PracticeConsultingFacing Up to US GAAP

Facing Up to US GAAP

Global financial reporting practices are converging. Seminars on comparative accounting ten years ago were interesting because profits under US GAAP, UK GAAP and IAS varied enormously.

Different requirements relating to goodwill, pensions, revaluations and other issues resulted in some big numbers in UK GAAP/US GAAP/IAS reconciliations. They still do, but the gaps are closing.

The current projects section on our own ASB website, the IASC website, and the US FASB website all look pretty much the same these days. Add in Australian and Canadian initiatives and it becomes clear that all the major standard-setters have a similar agenda. They are all dealing with business combinations, financial instruments, pensions, leasing and reporting financial performance. Many projects are joint efforts.

On the face of it, this is a shining example of how grown-up standard setters can co-operate effectively (if a little incestuously) at an international level, and the effects are already apparent in the UK. Two Discussion Papers recently issued by the ASB (on business combinations and reporting financial performance) have been reprints of Position Papers issued by the G4+1.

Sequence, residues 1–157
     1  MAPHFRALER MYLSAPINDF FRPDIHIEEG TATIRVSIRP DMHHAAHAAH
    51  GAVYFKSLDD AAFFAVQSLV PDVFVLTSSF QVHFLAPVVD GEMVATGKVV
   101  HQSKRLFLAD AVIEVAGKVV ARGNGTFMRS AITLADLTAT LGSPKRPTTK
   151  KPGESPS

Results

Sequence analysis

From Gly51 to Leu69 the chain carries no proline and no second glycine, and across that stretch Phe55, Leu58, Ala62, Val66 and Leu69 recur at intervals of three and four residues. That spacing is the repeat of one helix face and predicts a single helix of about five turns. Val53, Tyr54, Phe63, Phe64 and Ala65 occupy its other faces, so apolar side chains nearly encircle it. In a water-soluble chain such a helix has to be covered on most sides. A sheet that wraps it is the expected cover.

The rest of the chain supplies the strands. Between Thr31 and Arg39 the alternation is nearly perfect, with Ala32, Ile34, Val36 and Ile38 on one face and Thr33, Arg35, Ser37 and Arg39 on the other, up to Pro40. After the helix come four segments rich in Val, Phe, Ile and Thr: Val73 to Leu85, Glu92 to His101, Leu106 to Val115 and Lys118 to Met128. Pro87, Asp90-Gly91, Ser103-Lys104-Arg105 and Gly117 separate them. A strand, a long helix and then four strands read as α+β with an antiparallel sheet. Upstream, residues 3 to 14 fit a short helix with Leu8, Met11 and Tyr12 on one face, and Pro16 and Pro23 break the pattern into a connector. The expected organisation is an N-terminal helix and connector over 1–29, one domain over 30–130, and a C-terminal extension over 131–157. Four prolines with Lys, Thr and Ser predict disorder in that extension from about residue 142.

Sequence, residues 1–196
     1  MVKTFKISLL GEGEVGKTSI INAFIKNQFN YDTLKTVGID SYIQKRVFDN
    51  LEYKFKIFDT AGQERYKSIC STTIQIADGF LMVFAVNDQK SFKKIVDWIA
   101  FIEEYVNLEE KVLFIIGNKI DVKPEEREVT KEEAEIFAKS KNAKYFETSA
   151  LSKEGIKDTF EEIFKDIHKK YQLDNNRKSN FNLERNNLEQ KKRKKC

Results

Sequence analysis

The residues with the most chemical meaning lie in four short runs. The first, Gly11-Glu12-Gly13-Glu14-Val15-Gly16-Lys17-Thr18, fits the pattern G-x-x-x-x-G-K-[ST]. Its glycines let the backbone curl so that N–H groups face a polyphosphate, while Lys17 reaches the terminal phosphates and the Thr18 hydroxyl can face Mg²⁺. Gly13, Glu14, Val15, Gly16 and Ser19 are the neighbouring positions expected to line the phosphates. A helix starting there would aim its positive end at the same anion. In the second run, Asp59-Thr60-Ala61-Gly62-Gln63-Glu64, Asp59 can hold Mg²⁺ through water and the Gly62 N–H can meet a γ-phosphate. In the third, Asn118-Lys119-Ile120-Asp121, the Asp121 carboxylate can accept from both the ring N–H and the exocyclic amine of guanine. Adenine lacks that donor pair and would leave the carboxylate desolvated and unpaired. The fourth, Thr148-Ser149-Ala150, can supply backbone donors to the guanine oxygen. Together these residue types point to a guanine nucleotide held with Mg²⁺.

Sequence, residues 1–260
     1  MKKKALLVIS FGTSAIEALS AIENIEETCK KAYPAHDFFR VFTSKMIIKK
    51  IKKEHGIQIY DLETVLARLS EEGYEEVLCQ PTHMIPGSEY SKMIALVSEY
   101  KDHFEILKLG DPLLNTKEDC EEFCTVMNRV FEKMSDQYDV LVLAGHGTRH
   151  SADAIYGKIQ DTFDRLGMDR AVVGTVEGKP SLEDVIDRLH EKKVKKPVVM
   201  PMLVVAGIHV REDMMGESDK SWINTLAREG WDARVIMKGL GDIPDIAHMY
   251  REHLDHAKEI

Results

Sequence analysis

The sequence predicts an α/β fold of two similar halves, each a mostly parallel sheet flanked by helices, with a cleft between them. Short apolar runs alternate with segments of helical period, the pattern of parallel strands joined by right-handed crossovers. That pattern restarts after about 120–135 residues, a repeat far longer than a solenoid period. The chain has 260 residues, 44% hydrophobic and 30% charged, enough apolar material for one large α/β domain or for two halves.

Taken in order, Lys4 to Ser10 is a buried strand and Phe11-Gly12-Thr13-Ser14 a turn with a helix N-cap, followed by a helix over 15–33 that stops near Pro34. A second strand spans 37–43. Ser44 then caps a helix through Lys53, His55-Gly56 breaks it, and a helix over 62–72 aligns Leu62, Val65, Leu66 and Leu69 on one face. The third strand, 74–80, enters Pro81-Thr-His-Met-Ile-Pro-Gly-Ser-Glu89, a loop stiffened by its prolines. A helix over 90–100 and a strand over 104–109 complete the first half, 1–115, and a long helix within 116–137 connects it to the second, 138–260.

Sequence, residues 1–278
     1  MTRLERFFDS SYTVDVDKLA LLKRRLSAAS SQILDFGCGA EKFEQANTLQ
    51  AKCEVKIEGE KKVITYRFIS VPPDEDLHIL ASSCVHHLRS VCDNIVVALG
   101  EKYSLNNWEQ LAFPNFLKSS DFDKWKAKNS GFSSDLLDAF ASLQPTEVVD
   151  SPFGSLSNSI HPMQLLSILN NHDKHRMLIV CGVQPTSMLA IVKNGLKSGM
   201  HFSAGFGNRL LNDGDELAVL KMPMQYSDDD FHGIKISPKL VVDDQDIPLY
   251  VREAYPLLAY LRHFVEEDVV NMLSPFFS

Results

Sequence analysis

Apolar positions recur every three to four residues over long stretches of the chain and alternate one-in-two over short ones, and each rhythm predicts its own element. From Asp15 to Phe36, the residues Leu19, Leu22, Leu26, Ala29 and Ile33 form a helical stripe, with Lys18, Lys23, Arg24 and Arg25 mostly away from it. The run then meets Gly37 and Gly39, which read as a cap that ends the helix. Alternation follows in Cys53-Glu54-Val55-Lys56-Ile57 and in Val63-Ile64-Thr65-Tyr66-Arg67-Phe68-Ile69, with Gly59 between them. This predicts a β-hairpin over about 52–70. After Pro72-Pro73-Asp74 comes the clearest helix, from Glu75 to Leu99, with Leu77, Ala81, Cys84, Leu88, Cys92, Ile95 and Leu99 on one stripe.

But the reality behind this outbreak of co-operation is that standard-setters have little choice.

The depth and complexity of the accounting agenda is increasing exponentially and for each standard-setter to draft, develop and consult on these issues individually and then attempt to develop an international consensus would be expensive, time consuming and ineffective.

Publicly, at least, all of the major standard-setters are committed to recognising IAS in their own standards, and even the EU has finally realised that getting behind IAS is a better idea than trying to create its own raft. IOSCO has been working for some time on a deal that would permit the recognition of IAS across the world’s Stock Exchanges, but progress has been hampered by some aggressive posturing on both sides of the Atlantic. Put simply, the US does not see why it should subordinate its own standards to IAS, which it regards as less rigorous than its own. And whether we like it or not, the US has little to loose by holding things up until IAS look a lot more like US GAAP than they do now.

At the end of the day, multinational companies operating in global economies need international standards and US money. A messy consensus is probably better than no consensus. Perhaps we need to face the fact that even if we end up with something that looks more like US GAAP than we would like, it would at least give everyone something to work with.

Elizabeth MacKay has worked for the Big Five and for regulators both in the UK and abroad. She writes and lectures on global audit and regulation.

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